the appointment of a Committee, lo THE plan here recommended is Peers, twelve Commoners, and two consist of the Lord Chancellor, four Judges from each of the Courts of King's Bench, Common Pleas, and Exchequer; to whom the whole matter ia dispute should be referred; sød their discussion to be final. LITERARY




After a long investigation, the Hebrew *Scholarship, at the University of Cambridge, has been adjudged to Mr. George Attwood, of Pembroke Hall, and a premium of 201. was voted to Mr. John Jow. ett Stevens, for the knowledge he displayed in the examination. Mr. George Irving Scott, of Trinity Hall; is the fortunate candidate for the Chancellor's Gold Medal; the subject Waterloo.

June 16. Sir WILLIAM BROWNE's three gold medals for the present year were on Saturday last adjudged as follow:-For the Greek Ode and Latin Ode, to Mr. Henry Nelson Coleridge, scholar of King's ColJege; and for the Epigrams, to Mr. Riebard Okes, scholar of the same society. Subjects-For the Greek Ode:-"Mm. Mon. For the Latin Ode: "Ad Georgium Quartum, Augustissimum Principem, Sceptra Paterna accipientem." For the Greek Epigram: Inscriptio, "In Venam Aquæ ex imis visceribus Terræ Arte eductam."-For the Latin Epigram: "Impransi disquirite."

Ready for Publication.

The following Tracts on the questions of Deism-1. From LELAND's Work on the Deistical Writers-On the general mischievousness of Deism as a system. 2. From LESLIE's Short and Easy MethodOn the External Evidence of the Old Testament. 3. From DODDRIDGE'S Three Sermons-On the External Evidence of the New Testament. 4. From Bishop WATSON'S Apology for the Bible-In answer to specific Objections to both Testaments. 5. From Bishop BUTLER's Analogy -Simplified in Three Familiar Dialogues. 6. From S. JENYNS and PALEY-On the Internal Evidence of Christianity. And 7. From WATTS's Three Sermons-On the Inward Witness to Christianity in the Breast of the Believer. This Collection completes the cycle of testimony.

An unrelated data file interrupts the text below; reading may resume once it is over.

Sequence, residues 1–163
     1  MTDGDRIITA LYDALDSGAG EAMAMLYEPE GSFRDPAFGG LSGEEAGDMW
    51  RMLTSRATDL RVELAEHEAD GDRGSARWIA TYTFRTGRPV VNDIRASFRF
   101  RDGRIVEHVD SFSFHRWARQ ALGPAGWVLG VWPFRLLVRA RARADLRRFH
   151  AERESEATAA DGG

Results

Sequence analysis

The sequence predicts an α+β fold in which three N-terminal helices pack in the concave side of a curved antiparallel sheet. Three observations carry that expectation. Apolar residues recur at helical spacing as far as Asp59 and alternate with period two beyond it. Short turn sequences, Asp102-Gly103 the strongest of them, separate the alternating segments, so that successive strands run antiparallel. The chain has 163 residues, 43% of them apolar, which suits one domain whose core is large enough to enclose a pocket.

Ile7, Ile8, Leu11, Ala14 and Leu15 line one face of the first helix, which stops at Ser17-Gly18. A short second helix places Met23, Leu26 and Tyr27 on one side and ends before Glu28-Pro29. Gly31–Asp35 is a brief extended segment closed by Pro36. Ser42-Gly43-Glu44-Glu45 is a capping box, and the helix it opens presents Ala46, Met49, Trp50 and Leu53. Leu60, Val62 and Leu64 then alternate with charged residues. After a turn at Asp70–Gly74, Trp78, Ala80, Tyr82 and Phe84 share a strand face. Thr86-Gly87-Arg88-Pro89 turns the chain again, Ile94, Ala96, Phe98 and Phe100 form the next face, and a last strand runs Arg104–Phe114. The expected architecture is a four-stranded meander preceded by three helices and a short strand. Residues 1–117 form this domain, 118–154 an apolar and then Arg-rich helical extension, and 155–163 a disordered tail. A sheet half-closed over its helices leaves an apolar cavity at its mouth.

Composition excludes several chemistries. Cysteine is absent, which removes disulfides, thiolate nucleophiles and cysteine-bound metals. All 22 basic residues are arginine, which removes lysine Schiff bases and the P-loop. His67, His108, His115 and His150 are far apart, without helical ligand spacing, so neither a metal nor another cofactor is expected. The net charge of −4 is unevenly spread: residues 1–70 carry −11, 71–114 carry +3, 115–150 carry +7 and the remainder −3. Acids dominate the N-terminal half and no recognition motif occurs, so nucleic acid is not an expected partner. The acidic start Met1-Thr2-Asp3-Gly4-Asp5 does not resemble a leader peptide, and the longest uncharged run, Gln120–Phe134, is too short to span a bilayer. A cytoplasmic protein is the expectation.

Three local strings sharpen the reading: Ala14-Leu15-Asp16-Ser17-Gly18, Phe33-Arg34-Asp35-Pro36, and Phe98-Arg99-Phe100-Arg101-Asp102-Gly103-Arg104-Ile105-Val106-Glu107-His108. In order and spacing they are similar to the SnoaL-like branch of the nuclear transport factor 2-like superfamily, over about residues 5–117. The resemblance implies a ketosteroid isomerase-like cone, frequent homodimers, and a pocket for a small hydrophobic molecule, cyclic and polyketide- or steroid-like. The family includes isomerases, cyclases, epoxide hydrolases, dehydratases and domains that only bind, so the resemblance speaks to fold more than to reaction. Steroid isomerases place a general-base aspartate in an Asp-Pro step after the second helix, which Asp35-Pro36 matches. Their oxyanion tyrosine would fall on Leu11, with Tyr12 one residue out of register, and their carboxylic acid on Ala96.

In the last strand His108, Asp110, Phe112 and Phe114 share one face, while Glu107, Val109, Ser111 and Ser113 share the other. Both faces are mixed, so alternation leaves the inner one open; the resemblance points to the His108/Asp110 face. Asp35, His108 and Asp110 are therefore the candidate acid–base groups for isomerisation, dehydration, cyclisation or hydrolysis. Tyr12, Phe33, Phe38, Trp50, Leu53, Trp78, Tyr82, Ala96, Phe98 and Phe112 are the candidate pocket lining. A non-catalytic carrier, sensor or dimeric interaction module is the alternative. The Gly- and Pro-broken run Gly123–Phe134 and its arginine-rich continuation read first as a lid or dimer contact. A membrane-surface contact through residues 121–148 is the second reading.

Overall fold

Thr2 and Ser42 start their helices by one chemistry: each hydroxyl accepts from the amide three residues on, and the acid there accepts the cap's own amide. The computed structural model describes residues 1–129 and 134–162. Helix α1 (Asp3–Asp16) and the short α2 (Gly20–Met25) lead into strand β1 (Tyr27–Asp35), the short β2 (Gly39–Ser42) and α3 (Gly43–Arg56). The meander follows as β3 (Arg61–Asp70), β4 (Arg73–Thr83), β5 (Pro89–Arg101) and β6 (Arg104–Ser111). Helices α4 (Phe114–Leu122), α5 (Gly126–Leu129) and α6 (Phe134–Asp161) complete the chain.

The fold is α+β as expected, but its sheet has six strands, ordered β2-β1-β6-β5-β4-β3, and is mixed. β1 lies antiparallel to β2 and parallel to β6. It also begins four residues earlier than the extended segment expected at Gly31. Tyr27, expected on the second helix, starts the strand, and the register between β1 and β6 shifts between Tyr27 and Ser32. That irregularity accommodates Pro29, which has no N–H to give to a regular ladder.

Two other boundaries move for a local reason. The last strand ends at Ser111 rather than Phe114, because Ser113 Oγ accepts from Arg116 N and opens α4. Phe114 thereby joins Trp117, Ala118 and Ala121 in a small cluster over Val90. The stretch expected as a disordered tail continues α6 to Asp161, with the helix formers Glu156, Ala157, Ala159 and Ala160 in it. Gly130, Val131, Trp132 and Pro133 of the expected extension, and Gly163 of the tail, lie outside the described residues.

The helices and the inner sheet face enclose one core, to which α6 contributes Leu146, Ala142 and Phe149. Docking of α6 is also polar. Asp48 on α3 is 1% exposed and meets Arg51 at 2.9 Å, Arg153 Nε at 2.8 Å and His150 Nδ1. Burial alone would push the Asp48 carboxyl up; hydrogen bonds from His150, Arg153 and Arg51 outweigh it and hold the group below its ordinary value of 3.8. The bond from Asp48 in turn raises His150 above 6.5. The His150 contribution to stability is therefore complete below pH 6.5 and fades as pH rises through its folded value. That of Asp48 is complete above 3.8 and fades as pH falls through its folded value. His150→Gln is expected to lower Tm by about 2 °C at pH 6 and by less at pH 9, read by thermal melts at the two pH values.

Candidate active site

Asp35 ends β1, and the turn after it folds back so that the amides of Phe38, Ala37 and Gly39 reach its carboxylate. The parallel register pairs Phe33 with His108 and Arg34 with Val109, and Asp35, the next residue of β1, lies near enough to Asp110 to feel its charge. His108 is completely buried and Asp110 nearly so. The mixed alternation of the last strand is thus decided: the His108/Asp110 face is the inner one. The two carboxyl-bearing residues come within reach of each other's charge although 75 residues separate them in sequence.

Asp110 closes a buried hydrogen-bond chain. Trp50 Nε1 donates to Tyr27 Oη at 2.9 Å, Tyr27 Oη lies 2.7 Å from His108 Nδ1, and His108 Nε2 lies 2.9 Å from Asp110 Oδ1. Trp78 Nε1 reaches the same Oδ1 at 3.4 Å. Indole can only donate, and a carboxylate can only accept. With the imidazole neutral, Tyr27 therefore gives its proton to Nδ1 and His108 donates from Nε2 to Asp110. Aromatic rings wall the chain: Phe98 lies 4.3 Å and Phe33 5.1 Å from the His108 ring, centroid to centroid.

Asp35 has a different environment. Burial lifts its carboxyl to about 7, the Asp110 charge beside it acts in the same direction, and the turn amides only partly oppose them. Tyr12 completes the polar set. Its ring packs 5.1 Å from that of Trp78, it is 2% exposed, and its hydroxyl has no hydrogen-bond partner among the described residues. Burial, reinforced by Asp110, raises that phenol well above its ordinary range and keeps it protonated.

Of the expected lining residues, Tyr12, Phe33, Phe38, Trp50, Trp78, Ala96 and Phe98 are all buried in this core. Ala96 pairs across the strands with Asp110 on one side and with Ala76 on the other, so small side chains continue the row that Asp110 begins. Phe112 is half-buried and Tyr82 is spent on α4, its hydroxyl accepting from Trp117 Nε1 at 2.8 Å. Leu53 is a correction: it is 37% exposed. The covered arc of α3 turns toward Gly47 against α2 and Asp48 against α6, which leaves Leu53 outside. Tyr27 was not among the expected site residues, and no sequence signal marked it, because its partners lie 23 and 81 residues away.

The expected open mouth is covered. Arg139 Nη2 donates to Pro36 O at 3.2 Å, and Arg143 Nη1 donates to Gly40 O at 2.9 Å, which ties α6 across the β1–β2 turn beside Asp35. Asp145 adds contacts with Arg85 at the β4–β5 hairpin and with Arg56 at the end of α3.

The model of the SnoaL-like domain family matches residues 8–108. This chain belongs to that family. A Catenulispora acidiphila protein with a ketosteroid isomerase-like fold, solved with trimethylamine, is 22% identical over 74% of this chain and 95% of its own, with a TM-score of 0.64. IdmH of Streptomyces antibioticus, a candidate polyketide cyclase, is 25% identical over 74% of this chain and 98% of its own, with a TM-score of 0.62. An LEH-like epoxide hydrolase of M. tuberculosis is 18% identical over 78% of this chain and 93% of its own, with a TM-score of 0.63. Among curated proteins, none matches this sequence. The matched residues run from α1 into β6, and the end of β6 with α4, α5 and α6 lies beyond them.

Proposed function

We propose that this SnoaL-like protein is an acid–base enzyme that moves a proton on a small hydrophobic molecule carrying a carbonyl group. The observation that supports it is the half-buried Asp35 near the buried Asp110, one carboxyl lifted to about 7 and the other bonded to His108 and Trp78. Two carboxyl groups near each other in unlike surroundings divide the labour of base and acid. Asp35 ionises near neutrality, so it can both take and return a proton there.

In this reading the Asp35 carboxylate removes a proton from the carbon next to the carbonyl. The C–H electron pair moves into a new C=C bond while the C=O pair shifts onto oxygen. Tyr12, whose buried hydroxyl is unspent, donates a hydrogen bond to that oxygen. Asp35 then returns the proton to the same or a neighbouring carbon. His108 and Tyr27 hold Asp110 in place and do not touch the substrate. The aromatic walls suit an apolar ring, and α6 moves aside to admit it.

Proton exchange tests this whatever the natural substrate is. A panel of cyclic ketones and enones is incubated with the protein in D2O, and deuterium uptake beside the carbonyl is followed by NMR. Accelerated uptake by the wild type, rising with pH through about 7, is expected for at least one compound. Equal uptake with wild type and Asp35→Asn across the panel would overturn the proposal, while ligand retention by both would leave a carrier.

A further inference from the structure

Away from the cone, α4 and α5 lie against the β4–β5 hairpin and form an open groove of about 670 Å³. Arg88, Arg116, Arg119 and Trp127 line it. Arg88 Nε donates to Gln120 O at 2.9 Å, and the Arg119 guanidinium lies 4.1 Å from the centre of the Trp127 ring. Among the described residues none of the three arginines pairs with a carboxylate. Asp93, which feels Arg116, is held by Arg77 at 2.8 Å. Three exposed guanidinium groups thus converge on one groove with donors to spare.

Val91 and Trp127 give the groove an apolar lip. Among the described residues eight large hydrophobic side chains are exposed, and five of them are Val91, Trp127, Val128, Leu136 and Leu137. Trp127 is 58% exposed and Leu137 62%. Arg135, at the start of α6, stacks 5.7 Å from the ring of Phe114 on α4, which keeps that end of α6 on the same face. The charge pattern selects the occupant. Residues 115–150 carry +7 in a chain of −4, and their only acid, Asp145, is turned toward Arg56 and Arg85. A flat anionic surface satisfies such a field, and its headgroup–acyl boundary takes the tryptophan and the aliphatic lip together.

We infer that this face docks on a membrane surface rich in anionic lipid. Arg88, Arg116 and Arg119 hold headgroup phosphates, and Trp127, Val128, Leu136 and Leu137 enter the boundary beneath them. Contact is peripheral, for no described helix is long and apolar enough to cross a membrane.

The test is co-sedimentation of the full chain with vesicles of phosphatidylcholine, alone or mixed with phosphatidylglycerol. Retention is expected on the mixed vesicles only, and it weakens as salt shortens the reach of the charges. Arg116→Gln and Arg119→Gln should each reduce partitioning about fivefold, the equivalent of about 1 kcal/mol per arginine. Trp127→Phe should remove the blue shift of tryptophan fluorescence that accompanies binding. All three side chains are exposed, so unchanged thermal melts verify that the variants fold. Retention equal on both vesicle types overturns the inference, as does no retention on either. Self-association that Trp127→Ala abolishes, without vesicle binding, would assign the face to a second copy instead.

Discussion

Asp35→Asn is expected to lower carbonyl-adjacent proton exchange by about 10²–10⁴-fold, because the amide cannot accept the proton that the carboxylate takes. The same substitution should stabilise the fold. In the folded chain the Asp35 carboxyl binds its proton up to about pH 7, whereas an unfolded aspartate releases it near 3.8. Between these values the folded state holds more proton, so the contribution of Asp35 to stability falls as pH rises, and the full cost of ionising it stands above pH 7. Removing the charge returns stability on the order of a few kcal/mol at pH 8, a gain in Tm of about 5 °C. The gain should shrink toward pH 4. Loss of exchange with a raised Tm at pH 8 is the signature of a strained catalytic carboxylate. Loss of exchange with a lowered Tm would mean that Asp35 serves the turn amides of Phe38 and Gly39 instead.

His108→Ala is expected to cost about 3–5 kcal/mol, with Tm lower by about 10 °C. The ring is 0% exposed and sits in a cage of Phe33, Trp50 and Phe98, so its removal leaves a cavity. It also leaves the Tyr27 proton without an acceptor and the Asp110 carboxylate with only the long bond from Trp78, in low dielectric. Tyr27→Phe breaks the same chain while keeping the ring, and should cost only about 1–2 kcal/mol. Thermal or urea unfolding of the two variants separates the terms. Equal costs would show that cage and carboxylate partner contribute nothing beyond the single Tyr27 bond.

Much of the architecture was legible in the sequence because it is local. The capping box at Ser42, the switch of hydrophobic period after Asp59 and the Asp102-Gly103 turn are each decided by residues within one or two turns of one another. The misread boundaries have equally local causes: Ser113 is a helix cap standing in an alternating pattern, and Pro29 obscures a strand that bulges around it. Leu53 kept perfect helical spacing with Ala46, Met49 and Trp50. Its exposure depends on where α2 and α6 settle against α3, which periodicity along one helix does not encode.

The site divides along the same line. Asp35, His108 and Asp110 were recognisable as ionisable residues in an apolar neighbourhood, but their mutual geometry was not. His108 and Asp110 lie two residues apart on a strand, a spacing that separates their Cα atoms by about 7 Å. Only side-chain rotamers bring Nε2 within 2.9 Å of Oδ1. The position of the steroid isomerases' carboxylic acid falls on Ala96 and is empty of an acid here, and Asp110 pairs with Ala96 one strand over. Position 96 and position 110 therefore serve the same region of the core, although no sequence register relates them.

Memoirs of Granville Sharp, by PRINCE HOARE, Esq. composed from his own Manuscripts and other authentic documents in the possession of his family, and of the African Institution. To the Memoirs will he subjoined Observations on Mr. Sharp's Biblical Criticisms; by the Right Rev. the LORD BISHOP of ST. DAVID'S.

The Preparations for the Coronation of King Charles II.; now first printed from a MS, in the hand-writing of SIR EDWARD WALKER, Knt. then King at Arms, illus trated by Engravings.

A Supplement to WILKINSON'S Londina Illustrata, consisting of several plates of Bermondsey Abbey, and of other edifices. with appropriate letter-press descriptions.

Views of the Remains of Antient Build. ings in Rome and its vicinity. By M. DUBOURG.

An Encyclopædia of Antiquities; being the first ever edited in England. By the Rev. T. D. FOSBROOKE, M. A. Author of British Monachism, &c.

A Narrative of the operations and recent discoveries within the Pyramids, Temples, Tombs, and Excavations in &. gypt and Nubia: and of a Journey to the Coast of the Red Sea, in search of the Antient Berenice, and another to the Oasis of Jupiter Ammon. By G. BELZONI.

The Narrative of a Chinese Embassy, from the Emperor of China, Kang Hy, to the Khan of Tourgouth Tartars, seated on the Banks of the Volga, in the years 1719, 13, and 14. By the Chinese Ambassador,

and published by the Emperor's autho rity, at Pekin. Translated from the Ori. ginal, by Sir GEORGE Thomas Staunton, Bart. LL.D. F. R. S.

The authentic Life of Augustus Von Kotzebue, from the German; containing many interesting Anecdotes illustra tive of his character, the influence of his writings upon society in Germany, and its consequences.